The Mexican hat splashield irrigation technique

The Mexican hat splashield irrigation technique Eur J Plast Surg (2008) 30:249–250 DOI 10.1007/s00238-007-0178-y LETTER TO THE EDITOR S. A. Mashhadi & T. Reisler Received: 24 July 2007 /Accepted: 16 October 2007 / Published online: 10 November 2007 Springer-Verlag 2007 Sir: Pressurized jet irrigation of wounds to remove bacteria and foreign material is an essential wound management along with debridement. Being a messy procedure, the splatter of devitalized tissue and bloody discharge from wounds poses a risk to health care workers. Limiting the biohazard to the operating room personnel is imperative. Therefore, several techniques and devices are used to reduce splatter. These include cupping a gloved hand around the wound and irrigating through the space between the thumb and the index finger [1], and utilizing marketed cuplike devices [2]. The disadvantages of using cuplike devices are that they can be costly and not readily available. The authors would like to outline an inexpensive shielding technique that minimizes splatter. It is disposable, inexpensive, readily available, and adaptable to most lavage Fig. 1 A photograph of a light handle cover (Mexican hat) with a irrigators. It is the Mexican hat splashield irrigation hole at its apex and a jet wash gun ready to be introduced through it http://www.deepdyve.com/assets/images/DeepDyve-Logo-lg.png European Journal of Plastic Surgery Springer Journals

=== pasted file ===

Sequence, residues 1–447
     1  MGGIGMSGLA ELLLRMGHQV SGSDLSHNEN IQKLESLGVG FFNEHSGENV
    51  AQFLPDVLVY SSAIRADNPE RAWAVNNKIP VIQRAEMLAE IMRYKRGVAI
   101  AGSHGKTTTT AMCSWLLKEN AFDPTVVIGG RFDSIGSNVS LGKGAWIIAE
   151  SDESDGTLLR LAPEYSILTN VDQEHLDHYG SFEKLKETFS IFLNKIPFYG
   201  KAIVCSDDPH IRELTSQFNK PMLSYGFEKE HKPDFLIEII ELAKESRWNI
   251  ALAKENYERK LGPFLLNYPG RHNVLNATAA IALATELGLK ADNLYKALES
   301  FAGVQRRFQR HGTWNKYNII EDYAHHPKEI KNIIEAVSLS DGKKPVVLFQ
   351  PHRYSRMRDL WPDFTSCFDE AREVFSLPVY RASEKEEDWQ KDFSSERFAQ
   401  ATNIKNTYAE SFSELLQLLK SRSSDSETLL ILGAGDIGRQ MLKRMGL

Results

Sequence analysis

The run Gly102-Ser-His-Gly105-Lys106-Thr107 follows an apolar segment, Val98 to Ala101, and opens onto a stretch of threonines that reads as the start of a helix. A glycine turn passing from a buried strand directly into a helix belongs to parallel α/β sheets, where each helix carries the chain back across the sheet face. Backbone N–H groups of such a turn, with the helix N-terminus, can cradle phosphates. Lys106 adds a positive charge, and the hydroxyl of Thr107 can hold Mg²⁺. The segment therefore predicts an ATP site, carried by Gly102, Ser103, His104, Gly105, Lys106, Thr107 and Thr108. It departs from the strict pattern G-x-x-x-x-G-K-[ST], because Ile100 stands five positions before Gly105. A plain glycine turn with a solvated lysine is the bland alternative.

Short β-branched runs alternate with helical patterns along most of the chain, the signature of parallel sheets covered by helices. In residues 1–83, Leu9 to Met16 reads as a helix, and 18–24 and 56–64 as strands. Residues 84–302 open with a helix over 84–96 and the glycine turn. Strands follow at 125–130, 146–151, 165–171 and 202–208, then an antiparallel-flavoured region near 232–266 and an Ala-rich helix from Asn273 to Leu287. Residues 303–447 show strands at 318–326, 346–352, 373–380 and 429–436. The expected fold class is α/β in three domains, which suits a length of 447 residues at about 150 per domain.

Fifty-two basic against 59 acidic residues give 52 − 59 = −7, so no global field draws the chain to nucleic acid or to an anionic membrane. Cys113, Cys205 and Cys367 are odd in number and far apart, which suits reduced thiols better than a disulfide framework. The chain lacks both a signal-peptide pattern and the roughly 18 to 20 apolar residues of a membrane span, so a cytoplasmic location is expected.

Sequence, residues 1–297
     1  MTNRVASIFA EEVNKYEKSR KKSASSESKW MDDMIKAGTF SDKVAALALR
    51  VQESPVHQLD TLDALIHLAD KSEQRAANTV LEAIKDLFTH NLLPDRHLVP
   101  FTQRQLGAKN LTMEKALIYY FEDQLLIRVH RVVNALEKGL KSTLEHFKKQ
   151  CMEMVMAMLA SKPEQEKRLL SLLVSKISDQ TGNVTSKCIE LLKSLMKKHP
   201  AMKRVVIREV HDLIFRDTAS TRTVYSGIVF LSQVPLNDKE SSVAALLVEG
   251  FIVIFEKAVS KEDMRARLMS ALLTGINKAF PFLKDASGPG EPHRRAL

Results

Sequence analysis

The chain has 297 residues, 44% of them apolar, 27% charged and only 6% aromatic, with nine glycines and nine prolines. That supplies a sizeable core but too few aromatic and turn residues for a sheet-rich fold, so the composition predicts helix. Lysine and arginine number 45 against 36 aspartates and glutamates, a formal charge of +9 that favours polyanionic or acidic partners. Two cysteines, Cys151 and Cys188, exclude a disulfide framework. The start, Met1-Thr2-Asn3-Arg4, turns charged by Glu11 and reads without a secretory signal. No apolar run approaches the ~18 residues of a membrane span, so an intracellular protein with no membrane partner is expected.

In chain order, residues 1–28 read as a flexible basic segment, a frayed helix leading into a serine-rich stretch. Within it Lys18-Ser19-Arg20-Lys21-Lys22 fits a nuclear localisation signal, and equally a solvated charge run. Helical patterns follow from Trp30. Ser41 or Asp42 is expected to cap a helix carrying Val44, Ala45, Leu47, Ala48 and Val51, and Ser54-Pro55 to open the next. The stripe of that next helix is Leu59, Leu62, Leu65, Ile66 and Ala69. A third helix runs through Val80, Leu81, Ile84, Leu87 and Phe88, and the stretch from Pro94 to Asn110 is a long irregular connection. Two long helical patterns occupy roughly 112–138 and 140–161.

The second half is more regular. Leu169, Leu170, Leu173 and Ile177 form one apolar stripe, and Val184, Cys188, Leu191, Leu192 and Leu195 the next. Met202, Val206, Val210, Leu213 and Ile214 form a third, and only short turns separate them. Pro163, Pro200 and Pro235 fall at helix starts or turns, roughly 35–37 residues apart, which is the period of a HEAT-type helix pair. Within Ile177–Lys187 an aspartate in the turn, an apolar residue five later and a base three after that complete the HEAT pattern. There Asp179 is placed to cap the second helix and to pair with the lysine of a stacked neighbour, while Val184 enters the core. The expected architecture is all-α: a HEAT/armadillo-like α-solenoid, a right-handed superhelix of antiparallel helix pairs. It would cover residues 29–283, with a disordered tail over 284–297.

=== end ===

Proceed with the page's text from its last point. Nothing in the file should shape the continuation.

The Mexican hat splashield irrigation technique

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Publisher
Springer Journals
Copyright
Copyright © 2008 by Springer-Verlag
Subject
Medicine & Public Health; Plastic Surgery
ISSN
0930-343X
eISSN
1435-0130
D.O.I.
10.1007/s00238-007-0178-y
Publisher site
See Article on Publisher Site

Abstract

Eur J Plast Surg (2008) 30:249–250 DOI 10.1007/s00238-007-0178-y LETTER TO THE EDITOR S. A. Mashhadi & T. Reisler Received: 24 July 2007 /Accepted: 16 October 2007 / Published online: 10 November 2007 Springer-Verlag 2007 Sir: Pressurized jet irrigation of wounds to remove bacteria and foreign material is an essential wound management along with debridement. Being a messy procedure, the splatter of devitalized tissue and bloody discharge from wounds poses a risk to health care workers. Limiting the biohazard to the operating room personnel is imperative. Therefore, several techniques and devices are used to reduce splatter. These include cupping a gloved hand around the wound and irrigating through the space between the thumb and the index finger [1], and utilizing marketed cuplike devices [2]. The disadvantages of using cuplike devices are that they can be costly and not readily available. The authors would like to outline an inexpensive shielding technique that minimizes splatter. It is disposable, inexpensive, readily available, and adaptable to most lavage Fig. 1 A photograph of a light handle cover (Mexican hat) with a irrigators. It is the Mexican hat splashield irrigation hole at its apex and a jet wash gun ready to be introduced through it

Journal

European Journal of Plastic SurgerySpringer Journals

Published: Feb 1, 2008

References

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